The head of Ford Foundation West Africa and one of Nigeria’s civil society leaders, Innocent Chukwuma, has been reported dead.

This news is coming as the civil society and human rights community is still grappling with the death of Yinka Odumakin.

Chukwuma, who was 55 years old, passed away late on Saturday, April 3, 2021, after being diagnosed with Acute Myeloid Leukaemia, an aggressive cancer of the blood.

His friend, Edetaen Ojo in a message said, “With profound shock and sadness, I regret to inform you that Innocent Chukwuma passed away a few hours ago, in the evening of April 3. May his soul rest in peace.”

A longtime associate, Professor Chidi Odinkalu said that he stood no chance by the time diagnosis came through, noting that the acute myeloid leukaemia, aggressive destroyer of blood and bone marrow, that claimed Mr Chukwuma’s life was diagnosed at end-stage.

Chukwuma, who died in a Lagos hospital was survived by his activist wife, Josephine and 3 children.

In a reaction to his death, the Governor of Ekiti State, Kayode Fayemi said, ‘’Still distraught from Yinka Odumakin’s demise, Bisi and I woke up to the most devastating shock of Innocent Chukwuma’s death. Inno was an outstanding colleague and friend from our days at the barricades. Our thoughts are with Josephine and the children. May he rest in peace.’’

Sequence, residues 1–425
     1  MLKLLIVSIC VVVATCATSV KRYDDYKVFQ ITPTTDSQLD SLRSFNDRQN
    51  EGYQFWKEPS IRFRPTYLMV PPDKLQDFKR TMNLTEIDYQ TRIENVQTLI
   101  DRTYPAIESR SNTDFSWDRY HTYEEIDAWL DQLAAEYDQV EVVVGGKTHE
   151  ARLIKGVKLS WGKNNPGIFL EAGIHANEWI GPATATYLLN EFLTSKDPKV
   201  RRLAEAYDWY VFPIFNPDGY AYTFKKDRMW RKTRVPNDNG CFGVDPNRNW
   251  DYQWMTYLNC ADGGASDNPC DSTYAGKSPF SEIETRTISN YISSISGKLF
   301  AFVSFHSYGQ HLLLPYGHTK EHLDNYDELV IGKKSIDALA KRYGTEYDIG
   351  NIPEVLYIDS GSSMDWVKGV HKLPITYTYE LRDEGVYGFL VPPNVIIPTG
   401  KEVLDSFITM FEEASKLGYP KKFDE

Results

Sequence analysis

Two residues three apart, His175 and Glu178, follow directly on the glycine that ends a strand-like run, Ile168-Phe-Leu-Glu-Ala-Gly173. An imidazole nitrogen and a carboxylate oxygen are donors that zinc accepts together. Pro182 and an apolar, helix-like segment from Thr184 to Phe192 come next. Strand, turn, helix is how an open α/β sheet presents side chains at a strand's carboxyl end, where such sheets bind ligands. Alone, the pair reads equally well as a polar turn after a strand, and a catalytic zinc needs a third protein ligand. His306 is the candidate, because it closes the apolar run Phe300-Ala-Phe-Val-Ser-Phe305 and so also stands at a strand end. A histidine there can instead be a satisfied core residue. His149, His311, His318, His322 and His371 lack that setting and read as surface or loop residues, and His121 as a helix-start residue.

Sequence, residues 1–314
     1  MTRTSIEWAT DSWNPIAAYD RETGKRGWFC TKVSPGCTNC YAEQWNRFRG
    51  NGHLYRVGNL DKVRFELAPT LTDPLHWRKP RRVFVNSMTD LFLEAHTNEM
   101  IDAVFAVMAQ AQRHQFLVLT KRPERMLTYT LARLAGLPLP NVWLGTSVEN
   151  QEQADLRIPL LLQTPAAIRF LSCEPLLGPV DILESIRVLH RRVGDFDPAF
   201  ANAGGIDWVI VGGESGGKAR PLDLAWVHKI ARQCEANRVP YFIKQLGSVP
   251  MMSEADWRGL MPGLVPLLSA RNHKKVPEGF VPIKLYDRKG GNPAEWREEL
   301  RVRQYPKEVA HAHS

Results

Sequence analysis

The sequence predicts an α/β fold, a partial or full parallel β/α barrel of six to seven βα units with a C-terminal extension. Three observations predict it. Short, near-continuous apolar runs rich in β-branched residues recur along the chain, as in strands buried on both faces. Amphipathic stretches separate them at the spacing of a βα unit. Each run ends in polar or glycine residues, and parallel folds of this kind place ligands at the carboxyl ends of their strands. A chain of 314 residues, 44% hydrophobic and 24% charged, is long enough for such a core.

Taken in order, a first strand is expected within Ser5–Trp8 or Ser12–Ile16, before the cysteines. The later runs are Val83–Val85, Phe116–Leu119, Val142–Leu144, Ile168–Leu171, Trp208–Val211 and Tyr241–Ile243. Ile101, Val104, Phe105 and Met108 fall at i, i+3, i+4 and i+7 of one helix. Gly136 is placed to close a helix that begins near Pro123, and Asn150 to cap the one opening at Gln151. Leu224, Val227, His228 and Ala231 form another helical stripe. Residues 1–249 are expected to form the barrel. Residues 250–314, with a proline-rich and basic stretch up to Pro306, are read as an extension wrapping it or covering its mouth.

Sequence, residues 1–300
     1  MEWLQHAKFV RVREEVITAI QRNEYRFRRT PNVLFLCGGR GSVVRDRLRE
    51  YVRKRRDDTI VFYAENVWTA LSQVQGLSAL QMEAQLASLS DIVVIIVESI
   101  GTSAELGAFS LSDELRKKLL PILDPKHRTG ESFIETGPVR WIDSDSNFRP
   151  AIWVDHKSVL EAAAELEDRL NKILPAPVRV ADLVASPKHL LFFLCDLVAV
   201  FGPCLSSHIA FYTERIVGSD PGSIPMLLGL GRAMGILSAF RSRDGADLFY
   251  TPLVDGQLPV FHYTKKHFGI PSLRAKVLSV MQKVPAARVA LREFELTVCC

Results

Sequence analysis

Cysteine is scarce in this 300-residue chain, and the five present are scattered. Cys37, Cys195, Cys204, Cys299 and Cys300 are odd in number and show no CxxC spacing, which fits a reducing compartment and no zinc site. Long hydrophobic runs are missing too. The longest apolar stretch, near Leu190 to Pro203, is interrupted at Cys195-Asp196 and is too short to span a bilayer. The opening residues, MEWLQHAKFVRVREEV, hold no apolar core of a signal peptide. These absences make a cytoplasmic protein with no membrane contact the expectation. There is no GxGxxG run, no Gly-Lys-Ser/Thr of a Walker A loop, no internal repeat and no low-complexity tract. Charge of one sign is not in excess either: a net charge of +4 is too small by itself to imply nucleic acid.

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Mr Chukwuma left a broad mark of selflessness around the West African civic space after spending decades advancing the cause of a better society for the long-suffering population of the region.

After playing active roles as a political activist and community organiser against the brutal dictatorships of the 1980s and 90s, Mr Chukwuma later established the CLEEN Foundation in 1998, with the mission of promoting public safety, security, and accessible justice through the strategies of empirical research, legislative advocacy, demonstration programmes, and publications, in partnership with government, civil society, and the private sector.

In 2012, Ford Foundation announced him as its lead in West Africa, resuming in 2013 and, over the period, he established a workable, decent and productive relationship with leading civic groups and government agencies across the region.

The Ford Foundation described Mr Chukwuma as the recipient of numerous honours, including the Reebok International Human Rights Award. He was also cited as having served as visiting lecturer at Harvard’s Kennedy School of Government, where he designed and taught a course on the management of nonprofits in the Global South.

He held a master’s degree in criminal justice from the University of Leicester and a bachelor’s degree in religion from the University of Nigeria Nsukka (UNN).

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